In the age of Netflix where streaming entire shows is now possible, it seems like television binging is replacing a lot of book reading. I know at least I've fallen victim to this ploy. Generally speaking, the last thing I used to do at night would be read a chapter or two in a new book. Now, I find myself with my iPad in hand, beneath a flood of covers while soaking in every minute of the final season of Breaking Bad and Game of Thrones.
Don't get me wrong, it's not bad. We're being entertained, aren't we? That's all we can ask for and, generally, I love every minute of it. As an author, I learn nearly just as much about my craft and storytelling as I do through reading. But, recently, I've grown a bit frustrated with the characters these shows are telling me I should pull for. And I've found that, frequently, action and mystery have come to replace character development.
From HBO's The Leftovers and Boardwalk Empire to Netflix's Hemlock Grove and House of Cards, I find very few characters I pull for. That's not to say I don't enjoy watching. Well, excluding Hemlock Grove... don't get me started. But anyway, in modern television it often feels like the vintage, literary flawed hero has been vanquished and replaced by... well, just the flawed.
I LOVED The Leftovers. I found it heart-wrenching, engaging and universally applicable to anyone who has experienced loss. But I only realized I loved it in the final episodes because it took that long for the main protagonist, Kevin Garvey, to actually truly show he was worth pulling for. It took that long to see what Kevin Garvey's core motivation was (his family). Honestly, 3/4ths through the series, I wasn't sure what he REALLY wanted.
I could go down the line... House of Cards' Frank Underwoodnever bothered to mince his motivations to viewers; power and greed. The show is EXTREMELY well done, but imagine pulling for a Frank Underwood that is actually human from time to time (SPOILER) outside of reminiscing on past college love affairs with other men. I guess, to me, that's part of the point of House of Cards, though. I've seen very little posted about the topic, but Francis Underwood is a sociopath. He fits the bill to the tee and to show him as anything else would be inconsistent with his character. So I let House of Cards slide.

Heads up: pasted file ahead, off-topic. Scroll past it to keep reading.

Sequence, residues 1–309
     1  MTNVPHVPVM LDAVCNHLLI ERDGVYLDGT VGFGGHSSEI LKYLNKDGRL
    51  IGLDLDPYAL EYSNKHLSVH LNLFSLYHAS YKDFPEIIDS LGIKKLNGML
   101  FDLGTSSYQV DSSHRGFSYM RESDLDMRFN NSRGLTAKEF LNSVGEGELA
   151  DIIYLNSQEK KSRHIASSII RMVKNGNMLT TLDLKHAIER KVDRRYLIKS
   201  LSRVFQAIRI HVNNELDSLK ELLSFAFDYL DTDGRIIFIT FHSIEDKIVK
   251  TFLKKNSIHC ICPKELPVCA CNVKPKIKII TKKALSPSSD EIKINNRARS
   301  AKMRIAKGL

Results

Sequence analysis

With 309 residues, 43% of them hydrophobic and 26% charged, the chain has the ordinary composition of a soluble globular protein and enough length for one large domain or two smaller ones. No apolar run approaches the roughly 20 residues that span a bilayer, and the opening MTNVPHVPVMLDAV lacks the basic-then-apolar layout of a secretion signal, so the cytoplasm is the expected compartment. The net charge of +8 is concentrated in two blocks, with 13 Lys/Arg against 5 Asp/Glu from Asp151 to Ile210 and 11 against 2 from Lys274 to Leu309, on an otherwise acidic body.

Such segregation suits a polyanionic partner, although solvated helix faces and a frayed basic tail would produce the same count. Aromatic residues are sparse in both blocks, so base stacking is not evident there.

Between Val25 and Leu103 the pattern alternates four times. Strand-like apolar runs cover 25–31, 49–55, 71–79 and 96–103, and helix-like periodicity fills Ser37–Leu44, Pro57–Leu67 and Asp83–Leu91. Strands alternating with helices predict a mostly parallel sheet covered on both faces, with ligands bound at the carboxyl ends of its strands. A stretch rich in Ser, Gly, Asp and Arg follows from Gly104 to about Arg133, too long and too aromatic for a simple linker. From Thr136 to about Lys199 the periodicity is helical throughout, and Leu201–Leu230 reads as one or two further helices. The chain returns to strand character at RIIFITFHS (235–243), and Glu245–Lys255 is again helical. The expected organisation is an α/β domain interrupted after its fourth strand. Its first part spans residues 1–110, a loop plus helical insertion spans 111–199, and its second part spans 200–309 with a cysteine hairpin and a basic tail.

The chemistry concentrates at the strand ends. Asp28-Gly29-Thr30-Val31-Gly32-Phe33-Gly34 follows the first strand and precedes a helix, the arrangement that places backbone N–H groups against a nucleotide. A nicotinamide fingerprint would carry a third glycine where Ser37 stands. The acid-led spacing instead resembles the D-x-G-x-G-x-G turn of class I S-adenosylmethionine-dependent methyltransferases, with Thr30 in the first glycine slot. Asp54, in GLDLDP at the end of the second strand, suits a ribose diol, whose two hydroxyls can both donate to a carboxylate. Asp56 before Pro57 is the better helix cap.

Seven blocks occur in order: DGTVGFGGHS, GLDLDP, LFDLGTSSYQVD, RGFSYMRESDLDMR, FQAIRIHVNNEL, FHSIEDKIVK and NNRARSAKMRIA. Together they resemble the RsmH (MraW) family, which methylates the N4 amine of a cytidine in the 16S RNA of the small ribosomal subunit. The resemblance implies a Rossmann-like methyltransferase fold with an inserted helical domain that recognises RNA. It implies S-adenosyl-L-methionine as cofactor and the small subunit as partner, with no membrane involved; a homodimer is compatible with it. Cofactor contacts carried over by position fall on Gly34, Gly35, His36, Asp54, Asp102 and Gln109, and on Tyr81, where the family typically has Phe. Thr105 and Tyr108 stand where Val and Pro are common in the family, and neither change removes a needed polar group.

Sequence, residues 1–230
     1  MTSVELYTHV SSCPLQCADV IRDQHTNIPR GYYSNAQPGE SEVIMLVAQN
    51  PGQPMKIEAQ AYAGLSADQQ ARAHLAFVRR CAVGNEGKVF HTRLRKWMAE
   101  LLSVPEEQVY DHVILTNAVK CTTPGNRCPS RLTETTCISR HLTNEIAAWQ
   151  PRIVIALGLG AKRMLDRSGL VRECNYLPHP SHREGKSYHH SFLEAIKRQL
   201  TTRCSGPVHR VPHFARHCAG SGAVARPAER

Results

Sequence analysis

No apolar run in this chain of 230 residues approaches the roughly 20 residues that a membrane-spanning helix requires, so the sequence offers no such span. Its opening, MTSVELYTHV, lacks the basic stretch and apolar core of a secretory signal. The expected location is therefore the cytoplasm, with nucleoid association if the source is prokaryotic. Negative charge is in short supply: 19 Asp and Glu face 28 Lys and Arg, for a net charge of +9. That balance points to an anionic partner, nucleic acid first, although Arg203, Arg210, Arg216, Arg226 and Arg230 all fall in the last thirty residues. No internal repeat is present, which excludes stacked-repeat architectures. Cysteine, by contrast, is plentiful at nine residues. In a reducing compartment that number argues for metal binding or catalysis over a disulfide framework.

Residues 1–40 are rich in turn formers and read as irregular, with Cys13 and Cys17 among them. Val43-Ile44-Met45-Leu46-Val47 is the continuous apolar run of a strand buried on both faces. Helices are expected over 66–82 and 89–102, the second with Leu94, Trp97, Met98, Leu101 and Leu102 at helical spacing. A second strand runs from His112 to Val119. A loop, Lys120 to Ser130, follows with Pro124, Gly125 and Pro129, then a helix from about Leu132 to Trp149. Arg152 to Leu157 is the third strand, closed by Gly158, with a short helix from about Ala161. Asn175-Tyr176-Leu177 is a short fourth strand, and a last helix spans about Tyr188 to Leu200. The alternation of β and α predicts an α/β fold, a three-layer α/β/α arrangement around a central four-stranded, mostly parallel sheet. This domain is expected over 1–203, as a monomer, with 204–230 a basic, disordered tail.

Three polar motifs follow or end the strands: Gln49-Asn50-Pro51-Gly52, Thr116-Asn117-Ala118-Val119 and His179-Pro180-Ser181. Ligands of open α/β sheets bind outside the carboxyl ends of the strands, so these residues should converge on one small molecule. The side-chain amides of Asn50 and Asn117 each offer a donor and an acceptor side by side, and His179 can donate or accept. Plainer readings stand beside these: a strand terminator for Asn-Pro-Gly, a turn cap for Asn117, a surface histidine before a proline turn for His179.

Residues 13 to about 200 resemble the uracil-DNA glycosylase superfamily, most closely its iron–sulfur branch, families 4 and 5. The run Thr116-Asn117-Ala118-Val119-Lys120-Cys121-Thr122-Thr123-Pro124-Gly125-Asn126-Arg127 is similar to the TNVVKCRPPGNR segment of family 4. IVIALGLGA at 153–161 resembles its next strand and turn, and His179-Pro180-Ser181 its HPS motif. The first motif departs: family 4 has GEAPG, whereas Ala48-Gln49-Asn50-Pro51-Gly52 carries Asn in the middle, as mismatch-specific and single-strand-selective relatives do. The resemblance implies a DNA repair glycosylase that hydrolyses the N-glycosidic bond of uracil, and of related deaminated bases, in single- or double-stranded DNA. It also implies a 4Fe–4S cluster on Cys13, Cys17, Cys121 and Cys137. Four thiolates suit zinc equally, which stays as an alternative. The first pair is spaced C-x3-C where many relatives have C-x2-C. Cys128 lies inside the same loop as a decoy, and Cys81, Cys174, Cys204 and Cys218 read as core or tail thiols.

But the others? Boardwalk Empire has some gripping action, but that series doesn't give me even the inclination to pull for anybody. Leading man Nucky Thompson's core motivation, much like Underwood's, was never masked; power and greed. But if Thompson died in the next episode I saw, I'm not even sure I would bat an eye. Honestly, I'm not sure I'd even be that surprised... But maybe that's just because of Game of Thrones.
But, since you brought it up, Game of Thrones actually does a phenomenal job of getting you to pull for their characters. That is before George R.R. Martin kills them off. But at least you can reminisce on the good times you did have with those characters - executing vow breakers, fondling prostitutes and cursing the gods.
As ironic as it may sound, AMC's The Walking Dead, a show about a zombie apocalypse, is more character driven than any of the above shows. It might sound strange because the synopsis would make it seem that the program is reliant on action, but we have countless characters to love, to hate and to want to sink our teeth into because TWD, to me, isn't even about zombies. At all. Its about people and how people interact when the world has gone to shit.
At it's core, TWD is about character development, evolution and interaction. The character's motivation? Something we can all agree with; survival.
I can't say enough good things about another one of AMC's shows - Breaking Bad. Some could argue that the series gives you no one to pull for either. After all, leading man Walter White is a murderer, drug dealer and hypocrite. But look at it from its core; Walter White's underlying motivation is a deeply-rooted, relatable drive that we esteem; his family. We pull for Walter White because life has pushed his back up against the wall and he fought back for it. Do we agree with all of his actions? No, but that's why he is flawed. His core motive is why he is a hero.